The only thing that I found truly interesting was the last few moments of the film. Once everything has wrapped up and Han shows that he’s really not the bad guy he likes to pretend he is (something else which really comes as no surprise), we discover that the criminal syndicate that everyone has been beholden to has a high authority they answer to. That person is none other than Darth Maul. Those who have only followed the film may believe that he was killed in The Phantom Menace however the additional media in fact had him survive. He even shows up in a few episodes of Star Wars: Rebels before ultimately meeting his fate however there is a gap of time in-between the Maul seen in Solo and the one in Rebels which perhaps will never be answered. Disney has decided to cancel their standalone films which may not necessarily be a bad thing. This may leave some unanswered questions in Solo, it also means that seeing movies such as Boba Fett or Kenobi is going to be little more than a promise unfulfilled.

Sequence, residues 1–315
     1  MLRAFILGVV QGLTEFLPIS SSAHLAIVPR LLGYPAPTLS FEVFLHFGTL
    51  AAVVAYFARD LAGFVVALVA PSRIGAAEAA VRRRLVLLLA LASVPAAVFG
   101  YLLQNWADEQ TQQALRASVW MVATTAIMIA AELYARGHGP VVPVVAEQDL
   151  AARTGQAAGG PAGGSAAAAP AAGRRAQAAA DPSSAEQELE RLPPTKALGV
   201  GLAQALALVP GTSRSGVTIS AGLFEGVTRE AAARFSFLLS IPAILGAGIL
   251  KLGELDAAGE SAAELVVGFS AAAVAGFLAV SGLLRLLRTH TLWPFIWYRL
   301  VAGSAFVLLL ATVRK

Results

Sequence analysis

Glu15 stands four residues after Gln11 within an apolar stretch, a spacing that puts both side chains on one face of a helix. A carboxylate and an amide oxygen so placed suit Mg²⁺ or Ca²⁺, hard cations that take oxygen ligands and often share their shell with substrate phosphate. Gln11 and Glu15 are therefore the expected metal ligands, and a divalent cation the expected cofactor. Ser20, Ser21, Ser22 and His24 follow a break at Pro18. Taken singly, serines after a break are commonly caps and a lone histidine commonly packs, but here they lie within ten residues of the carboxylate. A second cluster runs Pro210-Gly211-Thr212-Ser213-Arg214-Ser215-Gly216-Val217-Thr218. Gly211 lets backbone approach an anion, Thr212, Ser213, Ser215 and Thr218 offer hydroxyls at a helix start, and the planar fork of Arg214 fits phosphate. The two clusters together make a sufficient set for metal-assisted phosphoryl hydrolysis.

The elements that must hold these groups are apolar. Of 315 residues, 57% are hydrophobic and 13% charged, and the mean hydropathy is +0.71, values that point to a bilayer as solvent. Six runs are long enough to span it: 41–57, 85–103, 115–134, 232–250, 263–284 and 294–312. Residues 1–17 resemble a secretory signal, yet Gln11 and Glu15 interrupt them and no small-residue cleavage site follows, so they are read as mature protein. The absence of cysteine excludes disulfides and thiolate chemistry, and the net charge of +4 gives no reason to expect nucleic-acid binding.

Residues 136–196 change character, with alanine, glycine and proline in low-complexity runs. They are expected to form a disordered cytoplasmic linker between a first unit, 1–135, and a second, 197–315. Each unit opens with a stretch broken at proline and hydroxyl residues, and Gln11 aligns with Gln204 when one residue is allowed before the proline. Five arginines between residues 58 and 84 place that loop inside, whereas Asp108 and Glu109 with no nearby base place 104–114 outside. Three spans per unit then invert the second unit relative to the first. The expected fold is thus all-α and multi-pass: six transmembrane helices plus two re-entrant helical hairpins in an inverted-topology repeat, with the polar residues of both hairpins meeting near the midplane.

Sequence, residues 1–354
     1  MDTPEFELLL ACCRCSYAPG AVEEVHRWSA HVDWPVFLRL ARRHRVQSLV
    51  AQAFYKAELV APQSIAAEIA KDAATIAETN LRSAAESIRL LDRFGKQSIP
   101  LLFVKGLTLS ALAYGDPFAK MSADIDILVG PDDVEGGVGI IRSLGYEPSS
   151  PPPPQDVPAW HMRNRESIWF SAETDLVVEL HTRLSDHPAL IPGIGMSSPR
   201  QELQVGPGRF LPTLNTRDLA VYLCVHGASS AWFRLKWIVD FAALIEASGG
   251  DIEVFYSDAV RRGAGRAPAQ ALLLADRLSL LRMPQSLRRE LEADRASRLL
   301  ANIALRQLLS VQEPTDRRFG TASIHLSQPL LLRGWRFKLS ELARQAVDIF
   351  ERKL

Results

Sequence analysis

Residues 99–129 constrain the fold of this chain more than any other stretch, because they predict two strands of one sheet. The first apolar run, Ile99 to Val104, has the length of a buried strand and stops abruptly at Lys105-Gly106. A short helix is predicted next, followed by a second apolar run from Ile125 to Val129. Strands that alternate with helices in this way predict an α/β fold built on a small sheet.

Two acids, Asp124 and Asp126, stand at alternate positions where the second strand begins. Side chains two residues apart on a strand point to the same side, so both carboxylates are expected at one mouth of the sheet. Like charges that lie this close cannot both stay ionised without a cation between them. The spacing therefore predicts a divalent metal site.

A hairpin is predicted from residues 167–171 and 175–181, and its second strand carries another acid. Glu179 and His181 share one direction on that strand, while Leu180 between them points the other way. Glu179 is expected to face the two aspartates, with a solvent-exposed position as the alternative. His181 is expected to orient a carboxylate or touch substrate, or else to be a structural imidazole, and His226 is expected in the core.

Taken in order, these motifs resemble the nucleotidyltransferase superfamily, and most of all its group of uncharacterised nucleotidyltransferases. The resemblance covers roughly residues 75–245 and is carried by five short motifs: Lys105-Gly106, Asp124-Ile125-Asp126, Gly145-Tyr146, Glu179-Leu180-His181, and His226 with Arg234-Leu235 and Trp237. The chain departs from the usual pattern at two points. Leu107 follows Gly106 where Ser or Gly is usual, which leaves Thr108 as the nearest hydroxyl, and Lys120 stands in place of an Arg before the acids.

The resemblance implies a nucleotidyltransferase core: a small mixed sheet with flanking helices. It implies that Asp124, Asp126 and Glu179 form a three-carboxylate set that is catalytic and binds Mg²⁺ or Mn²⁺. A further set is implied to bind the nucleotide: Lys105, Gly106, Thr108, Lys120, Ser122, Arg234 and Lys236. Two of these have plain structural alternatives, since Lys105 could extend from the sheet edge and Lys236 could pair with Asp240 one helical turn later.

As with all of the Star Wars theatrical films on blu-ray, this release has a wealth of bonus features which are all found on a second disc in the set as well as a code for the digital version of the movie. As per the press release the extra features include:
- Solo: The Director & Cast Roundtable
Sit down with director Ron Howard and the stars for an intimate and entertaining discussion of the film’s making.
- Team Chewie
See what it takes to bring your favorite Wookiee to life in this lighthearted look behind the scenes.
- Kasdan on Kasdan
Iconic Star Wars screenwriter Lawrence Kasdan and son Jonathan share what it was like to write the movie’s script together.
- Remaking the Millennium Falcon
Track the transformation of the most famous ship in the galaxy, from Lando’s swank and impeccable pride and joy to Han’s stripped-down hot-rod freighter with “special modifications.”
- Escape from Corellia
Get behind the wheel for the making of this high-octane chase through the streets of Corellia.